The interests of franchisees, as owners of the majority of our restaurants, might sometimes conflict with our interests. For example, whereas franchisees are concerned with their individual business strategies and objectives, we are responsible for ensuring the success of our entire chain of restaurants and for taking a longer term view with respect to system improvements.

 

Numerous government regulations impact our business, and our failure to comply with them could adversely affect our business.

 

We and our franchisees are subject to federal, state and local laws and regulations governing, among other things:

 

    health;

 

    sanitation;

 

    environmental matters;

 

    safety;

 

    the sale of alcoholic beverages; and

 

    hiring and employment practices, including minimum wage laws.

 

Our restaurant operations are also subject to federal and state laws that prohibit discrimination and laws regulating the design and operation of facilities, such as the Americans with Disabilities Act of 1990. The operation of our franchisee system is also subject to regulations enacted by a number of states and rules promulgated by the Federal Trade Commission. If we or our franchisees fail to comply with these laws and regulations, we could be subjected to restaurant closure, fines, penalties, and litigation, which may be costly. In addition, the future enactment of additional legislation regulating the franchise relationship could adversely affect our operations, particularly our relationship with franchisees.

 

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Negative publicity generated by incidents at a few restaurants can adversely affect the operating results of our entire chain and the Denny’s brand.

 

Food safety concerns, criminal activity, alleged discrimination or other operating issues stemming from one restaurant or a limited number of restaurants do not just impact that particular restaurant or a limited number of restaurants. Rather, our entire chain of restaurants may be at risk from negative publicity generated by an incident at a single restaurant. This negative publicity can adversely affect the operating results of our entire chain and the Denny’s brand.

 

As holding companies, Denny’s Corporation and Denny’s Holdings depend on upstream payments from their operating subsidiaries. A substantial portion of our assets are owned, and a substantial percentage of our total operating revenues are earned, by our subsidiaries. Our ability to repay our indebtedness depends upon the performance of these subsidiaries and their ability to make distributions to us.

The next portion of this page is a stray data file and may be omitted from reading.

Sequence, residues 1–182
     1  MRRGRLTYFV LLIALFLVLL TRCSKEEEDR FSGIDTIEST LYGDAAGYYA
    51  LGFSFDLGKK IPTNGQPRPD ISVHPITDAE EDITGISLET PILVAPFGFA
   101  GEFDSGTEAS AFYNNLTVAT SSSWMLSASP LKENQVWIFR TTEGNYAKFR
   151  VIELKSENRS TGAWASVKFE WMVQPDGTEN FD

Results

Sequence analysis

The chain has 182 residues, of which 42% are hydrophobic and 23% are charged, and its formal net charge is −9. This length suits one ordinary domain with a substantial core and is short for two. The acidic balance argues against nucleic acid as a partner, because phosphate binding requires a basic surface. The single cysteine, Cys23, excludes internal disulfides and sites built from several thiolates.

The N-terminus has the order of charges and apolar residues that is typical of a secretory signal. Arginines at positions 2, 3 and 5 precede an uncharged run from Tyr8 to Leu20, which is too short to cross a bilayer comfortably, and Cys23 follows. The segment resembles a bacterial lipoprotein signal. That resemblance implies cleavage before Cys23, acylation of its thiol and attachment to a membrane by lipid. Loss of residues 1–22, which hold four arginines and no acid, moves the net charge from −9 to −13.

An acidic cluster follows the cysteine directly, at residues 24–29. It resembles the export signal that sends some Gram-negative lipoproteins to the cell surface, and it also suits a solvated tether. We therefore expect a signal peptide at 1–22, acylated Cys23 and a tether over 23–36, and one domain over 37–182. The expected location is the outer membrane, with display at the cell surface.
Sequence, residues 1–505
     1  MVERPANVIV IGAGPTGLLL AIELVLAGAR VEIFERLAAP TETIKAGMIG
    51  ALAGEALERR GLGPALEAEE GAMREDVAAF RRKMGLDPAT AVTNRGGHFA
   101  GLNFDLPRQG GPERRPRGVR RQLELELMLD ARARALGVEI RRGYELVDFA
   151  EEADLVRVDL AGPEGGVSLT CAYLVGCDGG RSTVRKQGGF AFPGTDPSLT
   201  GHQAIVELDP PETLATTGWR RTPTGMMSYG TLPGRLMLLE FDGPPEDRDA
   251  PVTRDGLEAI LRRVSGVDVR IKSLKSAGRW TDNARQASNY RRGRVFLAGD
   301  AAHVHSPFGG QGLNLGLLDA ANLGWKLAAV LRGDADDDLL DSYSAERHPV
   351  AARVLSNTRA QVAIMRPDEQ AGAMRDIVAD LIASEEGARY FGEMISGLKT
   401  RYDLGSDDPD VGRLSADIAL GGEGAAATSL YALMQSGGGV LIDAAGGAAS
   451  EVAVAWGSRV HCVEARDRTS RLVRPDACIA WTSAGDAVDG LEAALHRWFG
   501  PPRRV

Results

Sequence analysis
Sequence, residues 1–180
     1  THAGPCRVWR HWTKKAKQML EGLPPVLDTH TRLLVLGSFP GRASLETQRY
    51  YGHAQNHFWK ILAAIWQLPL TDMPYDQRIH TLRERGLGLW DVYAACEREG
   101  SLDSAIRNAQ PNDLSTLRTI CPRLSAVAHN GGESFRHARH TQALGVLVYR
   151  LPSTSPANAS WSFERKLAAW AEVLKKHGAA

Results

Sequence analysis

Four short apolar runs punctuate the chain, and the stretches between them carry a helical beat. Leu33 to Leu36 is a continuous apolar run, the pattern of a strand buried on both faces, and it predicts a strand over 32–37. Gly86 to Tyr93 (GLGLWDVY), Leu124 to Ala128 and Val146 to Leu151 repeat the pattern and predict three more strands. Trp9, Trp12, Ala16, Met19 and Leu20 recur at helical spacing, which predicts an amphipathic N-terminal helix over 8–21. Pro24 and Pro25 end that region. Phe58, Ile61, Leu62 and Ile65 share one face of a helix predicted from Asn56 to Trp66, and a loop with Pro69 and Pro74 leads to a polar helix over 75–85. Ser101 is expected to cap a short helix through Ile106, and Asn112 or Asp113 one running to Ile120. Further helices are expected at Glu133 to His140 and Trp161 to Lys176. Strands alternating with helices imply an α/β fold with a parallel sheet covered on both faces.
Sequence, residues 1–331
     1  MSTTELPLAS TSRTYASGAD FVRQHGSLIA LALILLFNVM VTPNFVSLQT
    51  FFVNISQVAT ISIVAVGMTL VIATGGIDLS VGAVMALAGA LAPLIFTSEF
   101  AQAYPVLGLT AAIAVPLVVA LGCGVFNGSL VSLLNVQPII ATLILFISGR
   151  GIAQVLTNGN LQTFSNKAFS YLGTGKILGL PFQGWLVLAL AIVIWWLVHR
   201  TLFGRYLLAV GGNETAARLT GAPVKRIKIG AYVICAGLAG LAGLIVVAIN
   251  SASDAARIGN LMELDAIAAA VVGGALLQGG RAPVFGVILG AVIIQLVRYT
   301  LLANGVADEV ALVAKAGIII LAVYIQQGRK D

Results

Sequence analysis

Denny’s Corporation and Denny’s Holdings are holding companies, which currently conduct their operations through consolidated subsidiaries. As a result, substantially all of our assets are owned, and our cash flow generated, by our subsidiaries. Accordingly, Denny’s Corporation and Denny’s Holdings depend upon dividends, loans and other intercompany transfers from our subsidiaries to meet their debt service and other obligations. These transfers are subject to contractual restrictions and are contingent upon the earnings of our subsidiaries.

 

Our subsidiaries are separate and distinct legal entities and they have no obligation, contingent or otherwise, to make any funds available to meet our debt service and other obligations, whether by dividend, distribution, loan or other payments. If our subsidiaries do not pay dividends or other distributions, Denny’s Corporation and Denny’s Holdings may not have sufficient cash to fulfill their obligations.

 

If we lose the services of any of our key management personnel, our business could suffer.

 

Our future success significantly depends on the continued services and performance of our key management personnel. Our future performance will depend on our ability to motivate and retain these and other key officers and key team members, particularly regional and area managers and restaurant general managers. Competition for these employees is intense. The loss of the services of members of our senior management or key team members or the inability to attract additional qualified personnel as needed could materially harm our business.

 

Risks Related to our Indebtedness

 

Our substantial indebtedness could have a material adverse effect on our financial condition and operations.